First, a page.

(July 6, 2018) Ocean City is peddling toward becoming a “Bicycle Friendly Community,” with recent side-of-the-road projects completed and the City Council voting 6-1 on Monday to form a related advisory committee.
Engineering Manager Paul Mauser brought the suggestion to council in March, after broaching the subject during a Green Team meeting in January.
“The whole goal is for the town to become a Bicycle Friendly Community through the League of American Bicyclists,” he said.
One of the initial steps in the lengthy approval process is forming a Bicycle & Pedestrian Advisory Committee, Mauser said.
“It’s one of the first big steps,” he said. “It includes town staff and local bicycle enthusiasts.”
During the council meeting on Monday, Councilman Wayne Hartman was the lone dissenting vote to forming the advisory committee, whose members will be appointed by Mayor Rick Meehan with council input.
“We were doing good job before without adding extra mandates on staff,” Hartman said.
In addition to a pair of residents representing bicycle interests, the committee will include an Ocean City business owner, a staff member from engineering, public works, police and the Ocean City Development Corporation, along with a State Highway Administration member.
Also, a council member will serve as a liaison.
Councilman Matt James requested Councilman Tony DeLuca serve as committee liaison.
“The League of American Bicyclists are very selective on who they allow to have this designation,” Mauser said. “Of roughly 800 that have applied, maybe 400 have been accepted.”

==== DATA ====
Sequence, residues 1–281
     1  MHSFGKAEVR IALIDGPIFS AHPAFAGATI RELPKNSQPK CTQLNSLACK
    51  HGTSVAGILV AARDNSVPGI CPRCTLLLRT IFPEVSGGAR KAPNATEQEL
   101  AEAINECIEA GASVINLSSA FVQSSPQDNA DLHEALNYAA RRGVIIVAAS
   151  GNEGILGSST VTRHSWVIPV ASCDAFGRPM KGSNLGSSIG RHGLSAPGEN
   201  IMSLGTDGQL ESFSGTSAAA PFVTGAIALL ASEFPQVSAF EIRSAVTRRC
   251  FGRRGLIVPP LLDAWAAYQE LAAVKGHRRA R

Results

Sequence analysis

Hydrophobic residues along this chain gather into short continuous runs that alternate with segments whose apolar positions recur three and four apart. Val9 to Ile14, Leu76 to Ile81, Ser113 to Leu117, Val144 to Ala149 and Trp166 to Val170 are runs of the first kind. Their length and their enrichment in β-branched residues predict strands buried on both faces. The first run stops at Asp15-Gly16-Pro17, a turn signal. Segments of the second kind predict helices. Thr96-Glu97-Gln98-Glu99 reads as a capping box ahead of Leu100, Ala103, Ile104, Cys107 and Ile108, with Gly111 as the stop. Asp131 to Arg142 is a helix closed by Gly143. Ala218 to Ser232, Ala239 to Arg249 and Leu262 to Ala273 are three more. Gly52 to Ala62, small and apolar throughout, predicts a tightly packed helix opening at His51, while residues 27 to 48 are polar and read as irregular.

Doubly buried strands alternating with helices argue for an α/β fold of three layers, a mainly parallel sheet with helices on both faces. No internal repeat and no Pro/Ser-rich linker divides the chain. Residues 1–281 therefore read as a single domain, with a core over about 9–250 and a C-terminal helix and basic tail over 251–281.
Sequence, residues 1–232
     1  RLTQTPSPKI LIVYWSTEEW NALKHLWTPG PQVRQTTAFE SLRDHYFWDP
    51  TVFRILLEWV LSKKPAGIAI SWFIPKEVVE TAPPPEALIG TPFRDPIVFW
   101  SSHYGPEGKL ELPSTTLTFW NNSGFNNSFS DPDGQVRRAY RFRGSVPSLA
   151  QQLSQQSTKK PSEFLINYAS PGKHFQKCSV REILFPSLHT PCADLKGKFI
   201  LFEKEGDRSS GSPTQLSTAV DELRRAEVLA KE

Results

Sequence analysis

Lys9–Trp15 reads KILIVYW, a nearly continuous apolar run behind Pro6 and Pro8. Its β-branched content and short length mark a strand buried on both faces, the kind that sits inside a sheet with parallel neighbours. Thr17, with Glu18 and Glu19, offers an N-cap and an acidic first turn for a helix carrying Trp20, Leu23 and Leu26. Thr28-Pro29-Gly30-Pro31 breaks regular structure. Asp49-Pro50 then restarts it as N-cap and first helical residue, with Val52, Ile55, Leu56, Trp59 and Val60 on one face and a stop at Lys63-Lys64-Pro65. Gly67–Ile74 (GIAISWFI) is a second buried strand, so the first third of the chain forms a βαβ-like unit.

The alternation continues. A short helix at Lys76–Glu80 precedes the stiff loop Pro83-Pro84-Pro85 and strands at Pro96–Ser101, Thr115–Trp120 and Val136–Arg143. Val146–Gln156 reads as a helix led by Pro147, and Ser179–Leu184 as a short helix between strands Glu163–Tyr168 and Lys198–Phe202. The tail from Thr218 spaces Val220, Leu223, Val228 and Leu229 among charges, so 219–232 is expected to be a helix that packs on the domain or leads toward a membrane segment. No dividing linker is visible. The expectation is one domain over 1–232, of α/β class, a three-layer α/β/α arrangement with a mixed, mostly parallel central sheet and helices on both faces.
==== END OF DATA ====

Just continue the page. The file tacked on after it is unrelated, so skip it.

Since establishing its Bicycle Friendly Community program in 1995, the League of American Bicyclists has recognized 430 communities nationwide.
Mauser also said several related street improvements have been completed that were paid for with a $99,000 grant from the state Department of Transportation.
“The town has completed two recent MDOT bikeways projects,” he said. “It’s widening sidewalks and adding bike lanes where appropriate.”
After improving bike lanes on Sinepuxent Avenue last year, Mauser said comparable projects on Jamaica Avenue, Assawoman Drive and Wight Street were completed this year.
“Moving forward, in order to be accepted, we have to a complete a street policy to evaluate all modes of transportation,” he said. “We established bicycle routes throughout town where we saw demand and now we need to hire a professional planner to make a master plan.”
During his previous tenure with the City of Salisbury, Mauser assisted with its June 2015 campaign to join Lewes, Delaware as the only Bicycle Friendly Community on the peninsula.
Mauser said primary reasons for seeking the designation include improved infrastructure for visitors and residents, reduced traffic congestion, potentially increased property values, safety benefits, grant funding opportunities, along with fostering health and recreation.
“We applied for a FY19 MDOT grant for the master plan,” he said. “It’s quite a task to get accepted.”